·         Q/A: Have you had to face emotion relating to racial hatred in the story? DPV: Not Hate, but Rage. Tar Baby by Toni Morrison is a good example of racial rage, and proves it is possible to write a high caliber book with the subject of Rage. The question is how, but as a writer, you have to have some fearlessness, don’t worry about being published but don’t shut people down.

·         Q/A: What point in the writing process did you focus on historical sensory details? NJ: Not just “historical details” to drop in the text, but character building. “Sensory details” means being in the moment, understanding how it feels, smells, etc. Not for those details to be in the novel, but so that she can have a point of entry to understand the characters. EK: Found fascinating details, but who cares? A whole book about food is distilled to “the meal was balanced in the traditional way”. Plot character’s details to timeline (woman who was pregnant for three years in one of her early drafts). JH: Even writing about the 80s and 90s is difficult now. “If I write about yesterday it’s historical fiction now.”

Sunday, February 26, 2012

AWP and Grad School Hunting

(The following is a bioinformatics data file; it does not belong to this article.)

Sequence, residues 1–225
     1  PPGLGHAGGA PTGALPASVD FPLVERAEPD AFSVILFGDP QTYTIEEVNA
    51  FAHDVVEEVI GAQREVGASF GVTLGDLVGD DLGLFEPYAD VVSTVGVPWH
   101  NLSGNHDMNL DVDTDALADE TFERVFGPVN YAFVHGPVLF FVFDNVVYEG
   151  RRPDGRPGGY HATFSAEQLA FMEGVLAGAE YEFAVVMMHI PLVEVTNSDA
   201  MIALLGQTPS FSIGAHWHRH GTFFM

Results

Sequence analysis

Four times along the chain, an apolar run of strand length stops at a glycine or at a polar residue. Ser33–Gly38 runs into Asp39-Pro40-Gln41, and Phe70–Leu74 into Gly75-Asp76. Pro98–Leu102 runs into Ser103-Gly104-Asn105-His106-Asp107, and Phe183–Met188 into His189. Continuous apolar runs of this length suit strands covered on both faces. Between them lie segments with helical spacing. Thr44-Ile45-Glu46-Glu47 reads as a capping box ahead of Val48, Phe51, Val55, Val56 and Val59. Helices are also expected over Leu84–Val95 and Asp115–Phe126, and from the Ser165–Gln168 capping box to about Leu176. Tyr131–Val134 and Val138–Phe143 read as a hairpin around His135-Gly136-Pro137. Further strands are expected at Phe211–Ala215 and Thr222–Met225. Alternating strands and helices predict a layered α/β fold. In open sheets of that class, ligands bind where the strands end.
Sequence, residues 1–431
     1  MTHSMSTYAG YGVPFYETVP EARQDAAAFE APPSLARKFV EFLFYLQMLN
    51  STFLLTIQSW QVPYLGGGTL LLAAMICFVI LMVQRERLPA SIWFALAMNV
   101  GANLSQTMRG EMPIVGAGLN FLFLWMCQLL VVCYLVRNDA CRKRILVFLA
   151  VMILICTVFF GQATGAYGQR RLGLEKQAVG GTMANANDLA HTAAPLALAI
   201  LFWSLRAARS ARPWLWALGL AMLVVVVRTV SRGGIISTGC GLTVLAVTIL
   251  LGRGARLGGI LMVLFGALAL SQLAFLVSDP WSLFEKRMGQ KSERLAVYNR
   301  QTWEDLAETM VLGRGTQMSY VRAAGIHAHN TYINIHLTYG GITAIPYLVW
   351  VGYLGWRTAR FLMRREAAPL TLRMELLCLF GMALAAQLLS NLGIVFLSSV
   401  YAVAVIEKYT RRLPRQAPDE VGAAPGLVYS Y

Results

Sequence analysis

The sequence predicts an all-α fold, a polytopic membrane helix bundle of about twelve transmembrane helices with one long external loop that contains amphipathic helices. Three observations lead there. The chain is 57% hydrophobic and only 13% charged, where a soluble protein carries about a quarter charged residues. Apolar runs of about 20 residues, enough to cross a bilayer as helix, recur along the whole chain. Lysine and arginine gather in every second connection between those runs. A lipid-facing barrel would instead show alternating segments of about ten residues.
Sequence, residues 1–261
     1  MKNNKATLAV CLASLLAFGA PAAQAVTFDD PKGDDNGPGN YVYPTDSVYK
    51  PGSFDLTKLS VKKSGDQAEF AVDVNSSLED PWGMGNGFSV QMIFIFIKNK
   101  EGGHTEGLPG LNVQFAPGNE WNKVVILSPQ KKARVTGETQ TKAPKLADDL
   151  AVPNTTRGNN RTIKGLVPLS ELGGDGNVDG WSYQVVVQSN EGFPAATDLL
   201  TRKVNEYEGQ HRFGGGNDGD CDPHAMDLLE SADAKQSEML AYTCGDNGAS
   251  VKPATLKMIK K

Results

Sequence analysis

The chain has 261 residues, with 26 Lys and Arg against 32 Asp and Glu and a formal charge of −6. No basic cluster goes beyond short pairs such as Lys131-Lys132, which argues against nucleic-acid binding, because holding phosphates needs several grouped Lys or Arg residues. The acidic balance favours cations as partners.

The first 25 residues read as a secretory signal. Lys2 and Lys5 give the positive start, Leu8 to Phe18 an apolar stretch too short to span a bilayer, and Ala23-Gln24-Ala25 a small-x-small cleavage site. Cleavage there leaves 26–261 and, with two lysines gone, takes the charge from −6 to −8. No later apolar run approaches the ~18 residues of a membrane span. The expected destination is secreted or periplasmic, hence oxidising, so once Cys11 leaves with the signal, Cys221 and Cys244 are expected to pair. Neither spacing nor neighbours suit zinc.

First of all, I am counting down the days to the AWP conference in Chicago! I am going to try to post the coolest/weirdest/oddest/most helpful information and advice on here.

Second, and somewhat related, I am currently searching for an MFA program and have learned that there isn't a lot of helpful advice out there. Terms like low residency, studio versus research, stipends and scholarships all pop up casually, like you're supposed to know what they're talking about. Since I have no idea, and have to do research, I thought I'd pass along my research to my readers. I'm going to create a second tab to keep all grad-school related questions handy.

Let me know if you have any suggestions, resources, or questions!

Thursday, November 3, 2011

Exciting News!

Hello, all,

I want to update you on two things. My poem "Saying Goodbye" was chosen to represent Camroc Press Review for Sundress Press's Best of the Net Anthology! You can find the poem here.

Also, I will be participating in NaNoWriMo this year! It's not too late to start yourself; you can find more information here.

Happy reading!

Thursday, September 22, 2011

"Revisions" up at Metazen

Hello there,

I just wanted to let you all know my short story "Revisions" is up here at Metazen.

I have also received two very exciting rejections: I made it past the slush pile for Camera Obscura, and I got a rejection from Cream City Review saying they "really enjoyed these pieces". I've been focusing some of my better work on higher end publications, so although I haven't been getting as many acceptances lately, an editor from a publication on the "Challenging (bottom right)" or "Extremely Challenging" lists at Duotrope taking the time to send a personal rejection makes me feel pretty good.

I will have a few pieces of poetry up at Eunoia Review in November, and next spring I will have some more poetry at The Stray Branch. I'm also thinking about doing a donation drive for Duotrope sometime soon, so keep an eye out!